Despite California drought, returns on water bonds shouldn’t dry up

On a recent trip to California, an interesting pattern developed as we conducted a series of meetings with some of our investment partners. Several financial advisors indicated that they were avoiding water revenue bonds as investment alternatives at all costs. It was apparent to us that the headlines surrounding the drought conditions in California were having an effect on the perception of water bonds from fiduciaries. This was the case despite the sector traditionally being considered the most conservative in the municipal market based on the highly essential nature of the services provided within the sector, the monopolistic business nature of the sector, and the local rate-setting authority maintained by most water and sewer providers.

In response to the drought, Governor Jerry Brown declared a drought State of Emergency in January 2014 and issued a voluntary 20% reduction in water usage. As the drought continued and conservation efforts fell well short of expectations, the governor issued a mandatory water reduction on April 1, 2015, to reduce potable urban water usage statewide by 25% by February 2016, compared to 2013 levels. This marks the first time in history that water-use restrictions have been mandated.

While the drought in California has had a serious effect on the state’s available water supply and has led to sizeable conservation efforts, the reality for bondholders is not necessarily as dire. The potential remains for some water and sewer utilities to experience negative financial consequences from the effects of the drought and subsequent conservation efforts. However, we expect most California water and sewer utilities to remain insulated from these effects due to the fact that many utilities had stronger financial metrics heading into the drought period, they have independent rate-setting flexibility, and managements of many utilities have taken effective measures to prepare for the potential outcomes of the drought.

While the drought in California has had a serious effect on the state’s available water supply and has led to sizeable conservation efforts, the reality for bondholders is not necessarily as dire.

In fact, California water utilities have seen improved credit quality over recent years, which we expect should provide a cushion toward any potential operational weakening that may occur as a result of the drought. This was highlighted in a recent J.P. Morgan report which stated that California water utilities posted median debt service coverage of 2.71 times in 2013, the highest level of coverage since 2008. The report also noted that liquidity positions have remained adequately strong. In regards to the independent rate-setting flexibility, California water utilities have the ability to raise rates by complying with Proposition 218, in order to offset declines in usage. Management’s response to the drought and any potential cutbacks in usage also is a key to maintaining a water utility’s financial strength. Management must be willing to implement needed rate increases while successfully navigating the conservation requirements being imposed by the governor.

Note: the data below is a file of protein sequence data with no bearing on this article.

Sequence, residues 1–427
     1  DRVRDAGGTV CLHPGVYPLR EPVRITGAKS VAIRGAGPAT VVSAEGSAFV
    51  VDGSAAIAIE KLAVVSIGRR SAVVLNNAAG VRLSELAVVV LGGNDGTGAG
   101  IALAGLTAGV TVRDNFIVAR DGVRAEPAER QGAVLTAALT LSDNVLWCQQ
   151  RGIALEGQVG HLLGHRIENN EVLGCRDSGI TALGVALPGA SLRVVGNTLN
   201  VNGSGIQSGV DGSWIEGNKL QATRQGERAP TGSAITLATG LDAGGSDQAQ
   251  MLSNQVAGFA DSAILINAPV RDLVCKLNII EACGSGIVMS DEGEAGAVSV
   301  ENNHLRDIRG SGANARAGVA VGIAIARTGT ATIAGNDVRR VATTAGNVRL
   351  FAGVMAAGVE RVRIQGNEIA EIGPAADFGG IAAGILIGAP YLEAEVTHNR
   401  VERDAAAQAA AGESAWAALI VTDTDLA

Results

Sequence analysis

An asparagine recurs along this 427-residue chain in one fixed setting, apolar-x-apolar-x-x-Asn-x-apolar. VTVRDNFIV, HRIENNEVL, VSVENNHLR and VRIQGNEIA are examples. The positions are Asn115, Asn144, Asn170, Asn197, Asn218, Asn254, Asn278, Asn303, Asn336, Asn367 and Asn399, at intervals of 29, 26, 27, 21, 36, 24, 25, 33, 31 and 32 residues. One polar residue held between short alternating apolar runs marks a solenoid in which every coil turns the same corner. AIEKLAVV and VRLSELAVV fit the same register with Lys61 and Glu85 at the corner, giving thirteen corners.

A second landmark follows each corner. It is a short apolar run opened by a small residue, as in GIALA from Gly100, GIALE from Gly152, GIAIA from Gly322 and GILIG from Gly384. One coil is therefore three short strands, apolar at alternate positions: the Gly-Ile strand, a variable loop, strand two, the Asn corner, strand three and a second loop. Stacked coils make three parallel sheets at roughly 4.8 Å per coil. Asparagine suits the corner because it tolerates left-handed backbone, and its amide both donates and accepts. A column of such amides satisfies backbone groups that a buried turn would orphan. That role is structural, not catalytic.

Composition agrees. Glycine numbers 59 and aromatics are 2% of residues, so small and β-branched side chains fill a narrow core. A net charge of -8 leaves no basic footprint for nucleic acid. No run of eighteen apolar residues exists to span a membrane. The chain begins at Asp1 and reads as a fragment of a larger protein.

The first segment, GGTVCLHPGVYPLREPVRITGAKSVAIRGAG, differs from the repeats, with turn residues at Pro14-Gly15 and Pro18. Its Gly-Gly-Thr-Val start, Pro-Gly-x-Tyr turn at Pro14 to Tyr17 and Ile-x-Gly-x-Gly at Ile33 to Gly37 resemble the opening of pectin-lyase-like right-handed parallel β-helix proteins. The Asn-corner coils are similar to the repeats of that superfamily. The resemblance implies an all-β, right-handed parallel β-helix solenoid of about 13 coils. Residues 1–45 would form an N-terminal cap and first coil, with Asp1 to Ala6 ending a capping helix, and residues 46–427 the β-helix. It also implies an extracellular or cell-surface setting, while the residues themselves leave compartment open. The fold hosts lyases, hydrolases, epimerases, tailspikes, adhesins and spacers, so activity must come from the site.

On the Delaware Investments Municipal Bond team, we rely on our credit research to identify the best investment opportunities in the sector. One of our holdings, the San Francisco Public Utilities Commission (SFPUC)*, which we hold in Delaware Tax-Free California Fund, Delaware Tax-Free USA Fund, and Delaware Tax-Free USA Intermediate Fund,Delaware Tax-Free California Fund, Delaware Tax-Free USA Fund, and Delaware Tax-Free USA Intermediate Fund,Delaware Tax-Free California Fund, Delaware Tax-Free USA Fund, and Delaware Tax-Free USA Intermediate Fund, was highlighted in an April 21 report issued by Standard & Poor’s, “How Will California Water Utilities Fare Amid The Long Drought And New Conservation Mandates?” The report identified SFPUC as a utility that had already met the required conservation standards in 2014, before Governor Brown’s initiative was passed in April. As a result, it requires no additional conservation to comply with the executive order in 2015.

In sum, we expect the majority of California water utilities to be largely insulated from the potential negative effects of the drought and subsequent conservation efforts as financial metrics were strong heading into the drought, the utilities have sole rate-setting authority, and we believe management teams will be well prepared to take necessary actions. The key is to avoid water utilities that had weaker financial metrics heading into the drought and those with management teams unwilling to make the necessary decisions. We are looking for any spread widening in the California water utilities we favor as an opportunity to add to our exposures.


*As of April 30, 2015, bonds issued by the City of San Francisco Public Utilities Commission represented 2.14% of the Delaware Tax-Free California Fund, 0.97% of the Delaware Tax-Free USA Fund, and 1.15%, of the Delaware Tax-Free USA Intermediate Fund.

The views expressed represent the Manager's assessment of the market environment as of June 2015, and should not be considered a recommendation to buy, hold, or sell any security, and should not be relied on as research or investment advice. Views are subject to change without notice and may not reflect the Manager's views.

Carefully consider the Funds' investment objectives, risk factors, charges, and expenses before investing. This and other information can be found in the Funds' prospectuses and their summary prospectuses, which may be obtained by visiting delawarefunds.com/literature or calling 800 362-7500. Investors should read the prospectuses and the summary prospectuses carefully before investing.

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